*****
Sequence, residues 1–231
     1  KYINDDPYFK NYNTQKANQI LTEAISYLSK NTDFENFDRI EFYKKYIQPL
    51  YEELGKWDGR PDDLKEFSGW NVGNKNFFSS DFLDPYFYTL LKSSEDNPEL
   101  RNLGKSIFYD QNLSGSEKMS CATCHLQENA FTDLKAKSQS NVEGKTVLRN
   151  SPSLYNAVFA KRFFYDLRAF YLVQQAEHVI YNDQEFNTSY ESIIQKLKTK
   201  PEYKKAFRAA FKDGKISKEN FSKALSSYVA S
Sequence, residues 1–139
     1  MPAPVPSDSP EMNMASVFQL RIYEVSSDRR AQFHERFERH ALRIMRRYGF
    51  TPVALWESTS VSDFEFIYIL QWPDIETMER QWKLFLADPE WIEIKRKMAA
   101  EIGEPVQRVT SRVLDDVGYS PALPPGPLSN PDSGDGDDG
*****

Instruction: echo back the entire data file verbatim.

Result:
Sequence, residues 1–231
     1  KYINDDPYFK NYNTQKANQI LTEAISYLSK NTDFENFDRI EFYKKYIQPL
    51  YEELGKWDGR PDDLKEFSGW NVGNKNFFSS DFLDPYFYTL LKSSEDNPEL
   101  RNLGKSIFYD QNLSGSEKMS CATCHLQENA FTDLKAKSQS NVEGKTVLRN
   151  SPSLYNAVFA KRFFYDLRAF YLVQQAEHVI YNDQEFNTSY ESIIQKLKTK
   201  PEYKKAFRAA FKDGKISKEN FSKALSSYVA S
Sequence, residues 1–139
     1  MPAPVPSDSP EMNMASVFQL RIYEVSSDRR AQFHERFERH ALRIMRRYGF
    51  TPVALWESTS VSDFEFIYIL QWPDIETMER QWKLFLADPE WIEIKRKMAA
   101  EIGEPVQRVT SRVLDDVGYS PALPPGPLSN PDSGDGDDG